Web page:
Saturday, October 24, 2009

Fast and Not Fast Culture

It's been a hard Saturday.  I participated in a quickly organized local "Climate Action 350" today and dealt with quite a few denialists.  Well no, that's not quite accurate.  I dealt with one particular denialist who wasn't really a denialist.  More a nihilist.  We're all gonna die.  We can't do anything about it.  That old saw.

It is with this experience that I turn to Illustration Friday's theme for the week: "Fast."  Holding a sign about catastrophic climate change to motorists speeding by on their way to some Saturday appointment, it's hard not to see our culture's addiction to speed, to getting there fast, to instant gratification.

It is important, then, to remember that other meaning of fast -- to go without. To voluntarily starve oneself, to subsequently slow down.  To understand what you have, what you can consume by choosing not to, even if only for a short while.  The general consensus among the climate change mitigation opposition is that the problem is now too big, that no one will make the sacrifices necessary to have any meaningful impact.  Sure, we can identify the need to get back to 350 ppm carbondioxide, but it is harder to agree on what we need to do to get there.  And harder still when we are all too wrapped up in our recession woes to think of giving up anything more, to even consider climate change legislation that might add $100 to your yearly household energy bill.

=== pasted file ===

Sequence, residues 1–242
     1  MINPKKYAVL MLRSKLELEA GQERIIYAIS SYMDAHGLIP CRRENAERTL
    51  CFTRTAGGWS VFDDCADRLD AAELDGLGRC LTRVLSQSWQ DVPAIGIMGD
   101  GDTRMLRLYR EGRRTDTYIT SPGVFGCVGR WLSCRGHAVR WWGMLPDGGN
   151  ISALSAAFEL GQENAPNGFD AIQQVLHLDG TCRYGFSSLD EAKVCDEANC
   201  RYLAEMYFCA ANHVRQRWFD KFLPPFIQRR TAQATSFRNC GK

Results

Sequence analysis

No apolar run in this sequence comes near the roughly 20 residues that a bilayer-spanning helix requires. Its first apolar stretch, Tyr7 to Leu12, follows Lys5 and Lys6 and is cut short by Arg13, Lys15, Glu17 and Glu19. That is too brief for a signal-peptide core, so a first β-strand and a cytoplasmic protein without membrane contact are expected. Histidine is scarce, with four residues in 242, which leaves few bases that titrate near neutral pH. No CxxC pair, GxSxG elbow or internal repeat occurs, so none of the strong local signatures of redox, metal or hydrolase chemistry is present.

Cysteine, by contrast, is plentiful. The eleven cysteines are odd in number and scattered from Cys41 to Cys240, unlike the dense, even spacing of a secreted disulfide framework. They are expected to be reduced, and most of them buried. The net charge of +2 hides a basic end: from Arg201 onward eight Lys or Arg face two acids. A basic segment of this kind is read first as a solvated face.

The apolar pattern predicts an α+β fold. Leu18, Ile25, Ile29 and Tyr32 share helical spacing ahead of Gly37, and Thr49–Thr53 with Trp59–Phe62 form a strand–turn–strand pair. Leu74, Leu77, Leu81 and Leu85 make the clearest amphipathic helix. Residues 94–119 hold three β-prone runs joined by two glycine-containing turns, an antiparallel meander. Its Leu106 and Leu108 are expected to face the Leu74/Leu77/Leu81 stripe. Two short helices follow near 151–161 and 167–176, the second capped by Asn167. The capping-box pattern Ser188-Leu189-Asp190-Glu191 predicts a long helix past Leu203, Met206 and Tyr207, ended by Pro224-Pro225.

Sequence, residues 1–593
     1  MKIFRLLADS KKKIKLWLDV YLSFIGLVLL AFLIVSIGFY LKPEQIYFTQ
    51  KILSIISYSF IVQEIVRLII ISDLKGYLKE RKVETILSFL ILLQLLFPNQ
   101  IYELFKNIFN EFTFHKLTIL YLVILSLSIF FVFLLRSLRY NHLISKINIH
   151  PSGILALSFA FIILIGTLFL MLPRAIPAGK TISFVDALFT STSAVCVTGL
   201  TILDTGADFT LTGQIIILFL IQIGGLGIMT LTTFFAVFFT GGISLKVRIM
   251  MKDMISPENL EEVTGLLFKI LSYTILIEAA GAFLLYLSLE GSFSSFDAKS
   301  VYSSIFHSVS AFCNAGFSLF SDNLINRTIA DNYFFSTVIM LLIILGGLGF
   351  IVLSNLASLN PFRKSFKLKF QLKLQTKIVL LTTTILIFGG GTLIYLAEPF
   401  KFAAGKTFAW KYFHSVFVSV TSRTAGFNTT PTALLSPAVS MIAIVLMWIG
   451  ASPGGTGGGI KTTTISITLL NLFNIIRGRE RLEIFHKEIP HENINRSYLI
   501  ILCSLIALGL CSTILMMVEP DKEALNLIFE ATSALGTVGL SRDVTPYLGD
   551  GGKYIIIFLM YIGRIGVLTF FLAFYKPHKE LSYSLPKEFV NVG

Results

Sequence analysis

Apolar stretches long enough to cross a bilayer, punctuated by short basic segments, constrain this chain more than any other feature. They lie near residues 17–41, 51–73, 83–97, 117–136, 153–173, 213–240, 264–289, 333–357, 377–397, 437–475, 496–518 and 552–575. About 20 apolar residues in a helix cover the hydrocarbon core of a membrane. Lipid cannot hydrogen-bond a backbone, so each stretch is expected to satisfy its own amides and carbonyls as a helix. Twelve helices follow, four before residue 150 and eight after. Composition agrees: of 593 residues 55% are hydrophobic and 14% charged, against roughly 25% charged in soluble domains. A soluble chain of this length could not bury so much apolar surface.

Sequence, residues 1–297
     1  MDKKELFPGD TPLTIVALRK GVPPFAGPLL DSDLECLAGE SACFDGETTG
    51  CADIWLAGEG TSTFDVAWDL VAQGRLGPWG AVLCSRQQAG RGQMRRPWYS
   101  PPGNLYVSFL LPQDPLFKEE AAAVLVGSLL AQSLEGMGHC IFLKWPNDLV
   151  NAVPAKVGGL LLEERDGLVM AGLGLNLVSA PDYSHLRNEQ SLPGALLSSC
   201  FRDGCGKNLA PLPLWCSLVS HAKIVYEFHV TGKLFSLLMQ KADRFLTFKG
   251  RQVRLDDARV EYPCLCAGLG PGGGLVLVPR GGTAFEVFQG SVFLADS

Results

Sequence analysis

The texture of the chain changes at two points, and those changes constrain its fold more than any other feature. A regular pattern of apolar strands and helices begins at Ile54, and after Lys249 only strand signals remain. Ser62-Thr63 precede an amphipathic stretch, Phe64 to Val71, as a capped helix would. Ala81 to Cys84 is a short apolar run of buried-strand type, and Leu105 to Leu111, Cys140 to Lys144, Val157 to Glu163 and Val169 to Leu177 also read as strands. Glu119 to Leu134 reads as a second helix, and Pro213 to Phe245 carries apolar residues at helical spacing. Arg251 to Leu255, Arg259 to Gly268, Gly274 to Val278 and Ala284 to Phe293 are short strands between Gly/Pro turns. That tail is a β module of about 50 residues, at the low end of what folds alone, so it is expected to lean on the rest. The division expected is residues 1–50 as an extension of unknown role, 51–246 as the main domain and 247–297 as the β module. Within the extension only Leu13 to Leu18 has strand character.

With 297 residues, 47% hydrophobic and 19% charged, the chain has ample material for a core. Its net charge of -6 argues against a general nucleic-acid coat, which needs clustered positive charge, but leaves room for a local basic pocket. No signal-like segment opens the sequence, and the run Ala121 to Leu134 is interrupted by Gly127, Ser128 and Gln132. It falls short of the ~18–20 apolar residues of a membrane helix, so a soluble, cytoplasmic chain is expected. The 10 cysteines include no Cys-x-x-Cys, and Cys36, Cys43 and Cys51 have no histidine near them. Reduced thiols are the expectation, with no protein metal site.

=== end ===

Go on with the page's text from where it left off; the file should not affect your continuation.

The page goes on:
And then this.  If I just live fast enough, live hard enough, I can keep from thinking about transgenerational problems that loom large but offer no confirmation of immediate gratification.  We cannot solve human contributions to climate change easily or quickly.  So live fast and die hard.

Or not.  I choose not, even if the boys zipping by in their four wheeler in a cloud of dark exhaust flip me off and call me faggot.  Sorry boys, this is not a problem you can run from. 

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